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Epidemiology oral session 11: Various topics of special interest
O1-S11.05 Adolescent sexual intercourse and neighbourhood social disorder
  1. S Wiehe1,
  2. M P Kwan2,
  3. S Hoch1,
  4. B W Brooks1,
  5. A Burgess1,
  6. J Wilson3,
  7. J D Fortenberry1
  1. 1Indiana University School of Medicine, Indianapolis, USA
  2. 2The Ohio State University, USA
  3. 3IUPUI, USA

Abstract

Background Little is known about how and where an adolescent lives and spends time relates to her health-related behaviours. Social disorder, or where crime occurs, is associated with various health outcomes but few have considered its association with adolescent sexual behaviour. Our objective was to assess whether contextual exposure to social disorder is correlated with self-reported sexual intercourse among adolescent girls.

Design and Methods Girls (N=48), aged 14–16, were recruited from a single geographic urban area and monitored for 1 week using a GPS-enabled cell phone. Adolescents completed an ACASI survey on self-reported sexual intercourse in the last 30 days. In addition to recorded home and school address, phones transmitted location data every 5 min (travel points). Using ArcGIS, we defined social disorder as aggregated point-level Unified Crime Report data within a 200 metre Euclidian buffer from home and each travel point. Using Stata, we analysed how social disorder exposures differed among girls who reported having sex or not.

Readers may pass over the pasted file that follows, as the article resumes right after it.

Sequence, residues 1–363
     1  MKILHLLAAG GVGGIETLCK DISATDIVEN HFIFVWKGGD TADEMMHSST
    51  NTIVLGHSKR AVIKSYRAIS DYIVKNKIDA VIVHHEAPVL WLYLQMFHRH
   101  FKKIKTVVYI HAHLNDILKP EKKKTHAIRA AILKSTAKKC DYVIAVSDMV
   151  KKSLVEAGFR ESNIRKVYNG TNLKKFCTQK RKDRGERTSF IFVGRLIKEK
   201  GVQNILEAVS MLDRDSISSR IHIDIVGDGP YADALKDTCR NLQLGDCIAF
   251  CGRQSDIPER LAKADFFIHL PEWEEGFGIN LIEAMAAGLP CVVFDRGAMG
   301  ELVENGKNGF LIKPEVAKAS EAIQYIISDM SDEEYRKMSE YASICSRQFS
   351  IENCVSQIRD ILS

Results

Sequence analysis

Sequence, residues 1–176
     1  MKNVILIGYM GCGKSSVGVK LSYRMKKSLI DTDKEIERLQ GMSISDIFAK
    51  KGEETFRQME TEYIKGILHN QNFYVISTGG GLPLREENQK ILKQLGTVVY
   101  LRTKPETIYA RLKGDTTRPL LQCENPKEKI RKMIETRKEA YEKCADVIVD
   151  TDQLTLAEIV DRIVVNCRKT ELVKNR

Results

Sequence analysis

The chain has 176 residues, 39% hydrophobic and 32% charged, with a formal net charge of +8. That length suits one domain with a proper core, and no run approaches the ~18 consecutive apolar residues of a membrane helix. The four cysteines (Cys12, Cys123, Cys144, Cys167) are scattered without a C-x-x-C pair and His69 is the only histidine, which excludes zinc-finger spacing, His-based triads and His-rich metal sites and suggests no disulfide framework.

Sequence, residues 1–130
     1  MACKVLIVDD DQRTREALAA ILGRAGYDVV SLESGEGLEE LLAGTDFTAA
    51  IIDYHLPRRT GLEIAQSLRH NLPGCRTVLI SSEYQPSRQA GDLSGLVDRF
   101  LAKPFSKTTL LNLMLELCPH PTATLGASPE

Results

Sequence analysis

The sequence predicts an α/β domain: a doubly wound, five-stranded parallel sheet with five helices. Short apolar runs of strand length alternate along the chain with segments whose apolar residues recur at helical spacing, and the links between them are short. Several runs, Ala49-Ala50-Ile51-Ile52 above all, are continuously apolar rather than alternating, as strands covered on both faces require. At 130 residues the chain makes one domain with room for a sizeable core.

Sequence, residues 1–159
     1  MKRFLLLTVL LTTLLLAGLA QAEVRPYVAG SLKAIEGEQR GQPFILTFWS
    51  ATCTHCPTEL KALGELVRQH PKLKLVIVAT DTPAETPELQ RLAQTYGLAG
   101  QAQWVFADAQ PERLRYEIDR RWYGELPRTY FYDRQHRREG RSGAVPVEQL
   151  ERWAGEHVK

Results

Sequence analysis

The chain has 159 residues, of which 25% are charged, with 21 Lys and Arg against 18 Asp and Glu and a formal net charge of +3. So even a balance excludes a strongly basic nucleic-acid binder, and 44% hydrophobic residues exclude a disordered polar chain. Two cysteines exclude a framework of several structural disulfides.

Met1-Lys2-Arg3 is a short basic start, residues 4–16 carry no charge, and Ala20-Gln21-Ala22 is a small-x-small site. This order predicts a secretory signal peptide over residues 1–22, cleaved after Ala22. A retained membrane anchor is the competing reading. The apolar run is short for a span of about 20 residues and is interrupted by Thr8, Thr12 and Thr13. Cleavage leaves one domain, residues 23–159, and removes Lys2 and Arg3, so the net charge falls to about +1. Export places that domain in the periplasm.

Results Girls reporting sexual activity spent less time at home (30.9% vs 55.7%, p<0.001) and more time at least 5 km away from home (29.5% vs 12.4%, p=0.01). Girls who reported sex in the last 30 days lived in areas of higher social disorder than girls not reporting sex (p=0.01). There were no significant differences in exposure to social disorder based on travel data among girls reporting sex or not, however. Exposure to social disorder varied by school/non-school day as well as time of day. [Abstract O1-S11.05 figure 1].

Abstract O1-S11.05 Figure 1

Average 200 m crime counts by time of day/day of week and self-reported sexual intercourse in the last 30 days.

Conclusions Even within neighbourhoods, social disorder surrounding the home as defined by crime within a 1-block radius correlates with adolescent sexual intercourse behaviour. Although adolescents reporting having sex are less likely to spend time at home and more likely to be further from home than girls not reporting sex, the areas where they travel to are not different in terms of social disorder.

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